The current embrace of the “European model,” as many here in Latin America call it—in contrast to the US model, as proposed by the American Founders—is based on the widespread belief that a great many people who aren’t doing well in life cannot benefit much from enjoying mere freedom from intrusiveness, oppression, regimentation and so forth but must, instead, undergo a certain measure of proper regimentation by people in the know who have their best interest at heart. Venezuela is, of course, now fully in the grip of this outlook, going even further back, to outright socialist ideas. Bolivia looks like headed in that direction, with its favorite in the upcoming presidential election championing no holds barred socialism and nationalization of vital industries.

Of course, one problem is that the “American model,” as some refer to it, is nothing like what the American Founders outlined in the Declaration of Independence. The USA today is virtually a market socialist system, with government in charge of much of the economy, subsidizing this, regulating that, and protecting yet another thing from the free market. With this kind of leadership of the free world, no wonder its earlier ideal of a free society is faltering among those around the globe who are trying to figure out which way they ought to go as far as their political economic system is concerned.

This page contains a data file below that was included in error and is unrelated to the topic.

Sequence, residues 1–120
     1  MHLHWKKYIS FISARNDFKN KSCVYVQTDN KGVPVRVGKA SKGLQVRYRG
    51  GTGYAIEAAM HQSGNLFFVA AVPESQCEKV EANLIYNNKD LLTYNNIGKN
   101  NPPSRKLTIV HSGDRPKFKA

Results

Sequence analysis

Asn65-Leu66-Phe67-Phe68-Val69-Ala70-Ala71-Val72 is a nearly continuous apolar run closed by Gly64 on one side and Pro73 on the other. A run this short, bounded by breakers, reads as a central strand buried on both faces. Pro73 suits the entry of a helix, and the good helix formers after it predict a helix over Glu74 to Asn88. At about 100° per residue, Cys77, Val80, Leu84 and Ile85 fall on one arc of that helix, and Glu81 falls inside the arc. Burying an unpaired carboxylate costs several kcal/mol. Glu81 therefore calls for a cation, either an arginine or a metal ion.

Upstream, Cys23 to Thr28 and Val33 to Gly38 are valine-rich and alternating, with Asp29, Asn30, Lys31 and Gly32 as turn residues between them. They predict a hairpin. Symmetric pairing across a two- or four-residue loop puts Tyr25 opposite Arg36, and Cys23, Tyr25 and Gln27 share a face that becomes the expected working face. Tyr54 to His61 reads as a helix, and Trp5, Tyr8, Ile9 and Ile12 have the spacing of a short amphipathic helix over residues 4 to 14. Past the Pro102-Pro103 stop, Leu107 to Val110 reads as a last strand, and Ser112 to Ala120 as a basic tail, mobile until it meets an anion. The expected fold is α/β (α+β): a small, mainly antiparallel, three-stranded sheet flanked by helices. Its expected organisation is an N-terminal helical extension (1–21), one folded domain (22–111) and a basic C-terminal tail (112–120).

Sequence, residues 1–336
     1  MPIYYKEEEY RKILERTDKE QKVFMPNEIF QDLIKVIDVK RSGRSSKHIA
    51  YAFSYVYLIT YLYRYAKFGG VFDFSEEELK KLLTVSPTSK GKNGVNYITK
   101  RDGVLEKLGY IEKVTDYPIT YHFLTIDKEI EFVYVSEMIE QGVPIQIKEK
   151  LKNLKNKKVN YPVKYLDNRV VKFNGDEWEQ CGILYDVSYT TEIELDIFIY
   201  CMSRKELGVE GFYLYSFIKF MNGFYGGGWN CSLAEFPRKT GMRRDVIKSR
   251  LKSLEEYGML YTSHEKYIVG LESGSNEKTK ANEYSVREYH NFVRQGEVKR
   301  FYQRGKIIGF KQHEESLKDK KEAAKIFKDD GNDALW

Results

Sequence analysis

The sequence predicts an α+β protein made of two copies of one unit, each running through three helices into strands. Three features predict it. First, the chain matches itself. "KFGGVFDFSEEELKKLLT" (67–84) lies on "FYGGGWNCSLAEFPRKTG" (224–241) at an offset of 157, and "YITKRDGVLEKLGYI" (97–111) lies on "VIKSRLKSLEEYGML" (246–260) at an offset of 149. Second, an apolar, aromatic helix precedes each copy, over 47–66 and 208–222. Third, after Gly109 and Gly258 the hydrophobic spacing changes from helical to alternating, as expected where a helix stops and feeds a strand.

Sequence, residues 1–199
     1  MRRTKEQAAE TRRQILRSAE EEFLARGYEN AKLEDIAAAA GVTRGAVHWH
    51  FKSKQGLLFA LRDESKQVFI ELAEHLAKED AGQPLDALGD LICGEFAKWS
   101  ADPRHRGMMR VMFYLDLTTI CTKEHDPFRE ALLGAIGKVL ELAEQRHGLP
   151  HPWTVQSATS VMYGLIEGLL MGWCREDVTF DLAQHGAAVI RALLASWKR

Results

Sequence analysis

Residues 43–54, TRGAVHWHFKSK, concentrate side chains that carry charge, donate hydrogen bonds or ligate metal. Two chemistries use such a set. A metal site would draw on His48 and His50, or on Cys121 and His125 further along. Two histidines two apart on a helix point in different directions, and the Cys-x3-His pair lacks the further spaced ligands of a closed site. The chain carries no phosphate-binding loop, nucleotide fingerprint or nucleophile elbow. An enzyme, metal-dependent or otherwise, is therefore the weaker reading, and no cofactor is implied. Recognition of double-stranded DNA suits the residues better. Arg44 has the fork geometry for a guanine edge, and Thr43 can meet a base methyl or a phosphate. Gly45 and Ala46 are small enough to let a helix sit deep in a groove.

Ultimately, of course, the debate is about human nature itself and what kind of community best suits it so individual human beings can embark upon a life of dignity and prosperity. For my money, there is little doubt that a free society requires respect for individual rights, not some elite group embarking on forced redistribution and caretaking. The lessons of history and honest human reflection (e.g., public choice theory, the tragedy of the commons, etc.), not to mention plain ordinary morality—that makes freedom from coercion a precondition of any ethically significant conduct—teach this to anyone who would but pay attention.